Professor McKelvie: Our students and alumni can certainly learn a lot from these companies. I’ll highlight two areas. First, they can learn about how to question industry rules and norms. In some cases, this involves figuring out how to harness the power of multiple industries, meaning drawing on the abilities and approaches from across sectors. How do you make things more efficient and effective for customers or processes? Why are the established companies in these areas not able to see the potential of those innovations? Second, students can learn how to put a business together that will be a high potential, high growth company. What types of customer pains and problems are they trying to solve? How did they approach solving customer needs? How do they expand over time, and work with other partners? What are the funding patterns to help launch and then support their growth?  These are cool and inspirational stories about being able to do things very differently. Celebrating and acknowledging these very successful innovators is what the CNBC Disruptor 50 ranking is all about.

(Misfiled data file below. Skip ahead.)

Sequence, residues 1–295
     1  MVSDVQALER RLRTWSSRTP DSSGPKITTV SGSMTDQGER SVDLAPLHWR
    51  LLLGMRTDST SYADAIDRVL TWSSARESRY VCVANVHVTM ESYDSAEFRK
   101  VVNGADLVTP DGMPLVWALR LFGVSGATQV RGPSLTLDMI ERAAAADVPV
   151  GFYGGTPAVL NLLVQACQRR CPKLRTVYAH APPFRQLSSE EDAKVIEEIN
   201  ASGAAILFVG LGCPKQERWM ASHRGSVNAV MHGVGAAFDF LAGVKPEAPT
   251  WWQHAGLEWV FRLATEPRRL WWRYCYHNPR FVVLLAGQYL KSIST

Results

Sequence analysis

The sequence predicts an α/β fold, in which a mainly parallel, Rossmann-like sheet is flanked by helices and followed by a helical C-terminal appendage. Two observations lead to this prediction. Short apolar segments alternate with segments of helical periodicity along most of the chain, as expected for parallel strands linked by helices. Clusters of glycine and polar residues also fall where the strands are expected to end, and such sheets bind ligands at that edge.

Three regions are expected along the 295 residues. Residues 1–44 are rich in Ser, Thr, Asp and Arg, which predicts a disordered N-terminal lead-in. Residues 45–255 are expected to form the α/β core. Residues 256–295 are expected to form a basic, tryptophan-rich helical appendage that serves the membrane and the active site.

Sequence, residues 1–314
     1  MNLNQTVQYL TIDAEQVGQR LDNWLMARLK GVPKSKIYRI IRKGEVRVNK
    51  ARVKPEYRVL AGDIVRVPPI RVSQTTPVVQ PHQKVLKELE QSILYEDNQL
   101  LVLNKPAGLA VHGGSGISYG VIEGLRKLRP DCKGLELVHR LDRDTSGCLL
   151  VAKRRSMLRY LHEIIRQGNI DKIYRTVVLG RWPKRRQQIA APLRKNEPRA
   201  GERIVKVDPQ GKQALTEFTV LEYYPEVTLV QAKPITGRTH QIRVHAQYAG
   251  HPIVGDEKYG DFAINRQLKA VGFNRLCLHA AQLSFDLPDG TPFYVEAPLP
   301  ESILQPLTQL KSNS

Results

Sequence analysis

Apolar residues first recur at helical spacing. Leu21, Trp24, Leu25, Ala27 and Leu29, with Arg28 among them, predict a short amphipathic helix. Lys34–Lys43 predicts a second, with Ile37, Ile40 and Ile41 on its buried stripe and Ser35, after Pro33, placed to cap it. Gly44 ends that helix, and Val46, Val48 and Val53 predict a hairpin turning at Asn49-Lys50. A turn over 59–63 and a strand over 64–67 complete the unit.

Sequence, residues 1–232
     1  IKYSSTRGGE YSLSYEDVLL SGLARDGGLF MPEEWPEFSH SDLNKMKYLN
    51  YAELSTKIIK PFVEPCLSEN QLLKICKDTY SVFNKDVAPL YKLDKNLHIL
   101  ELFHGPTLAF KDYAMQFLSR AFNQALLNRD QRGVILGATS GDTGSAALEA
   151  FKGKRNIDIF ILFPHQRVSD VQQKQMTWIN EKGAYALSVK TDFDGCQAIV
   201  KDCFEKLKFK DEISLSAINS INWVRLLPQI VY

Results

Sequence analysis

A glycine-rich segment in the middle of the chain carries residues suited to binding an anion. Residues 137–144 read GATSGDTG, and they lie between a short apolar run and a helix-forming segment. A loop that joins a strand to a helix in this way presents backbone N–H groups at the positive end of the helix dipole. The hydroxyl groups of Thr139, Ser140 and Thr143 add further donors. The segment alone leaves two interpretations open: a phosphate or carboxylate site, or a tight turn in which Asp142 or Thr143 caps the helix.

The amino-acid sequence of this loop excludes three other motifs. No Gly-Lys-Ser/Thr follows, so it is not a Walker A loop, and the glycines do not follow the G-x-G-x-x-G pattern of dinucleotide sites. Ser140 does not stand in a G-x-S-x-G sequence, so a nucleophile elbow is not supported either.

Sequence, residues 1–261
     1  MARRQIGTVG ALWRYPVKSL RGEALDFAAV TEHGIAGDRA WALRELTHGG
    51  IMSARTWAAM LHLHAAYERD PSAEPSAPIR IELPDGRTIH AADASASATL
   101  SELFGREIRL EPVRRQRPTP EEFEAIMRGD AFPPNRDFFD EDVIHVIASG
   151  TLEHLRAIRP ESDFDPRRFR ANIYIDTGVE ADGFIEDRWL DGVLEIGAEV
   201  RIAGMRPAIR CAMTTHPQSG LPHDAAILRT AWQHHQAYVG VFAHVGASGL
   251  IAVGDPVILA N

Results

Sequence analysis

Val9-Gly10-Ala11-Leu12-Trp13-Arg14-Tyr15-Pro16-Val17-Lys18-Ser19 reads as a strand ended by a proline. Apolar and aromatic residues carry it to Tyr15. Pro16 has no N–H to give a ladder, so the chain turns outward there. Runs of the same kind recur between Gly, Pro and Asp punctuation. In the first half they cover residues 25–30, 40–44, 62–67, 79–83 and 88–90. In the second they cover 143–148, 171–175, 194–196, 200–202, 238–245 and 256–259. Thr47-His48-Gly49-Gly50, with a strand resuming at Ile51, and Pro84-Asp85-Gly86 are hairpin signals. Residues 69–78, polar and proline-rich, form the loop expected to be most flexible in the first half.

For the complete list of the 2018 CNBC Disruptor 50, visit https://www.cnbc.com/2018/05/22/meet-the-2018-cnbc-disruptor-50-companies.html.

 

Kerri Howell

Kerri is director of communications and media relations for the Whitman School. She is responsible for managing all internal and external communications with students, faculty, staff, alumni, members of the business community and other key stakeholders.After receiving her B.A. from State University of New York at Geneseo, she went on to earn her M.S. in communications management from Syracuse’s S.I. Newhouse School of Public Communications, where she has served as an adjunct professor in the public relations department since 2004.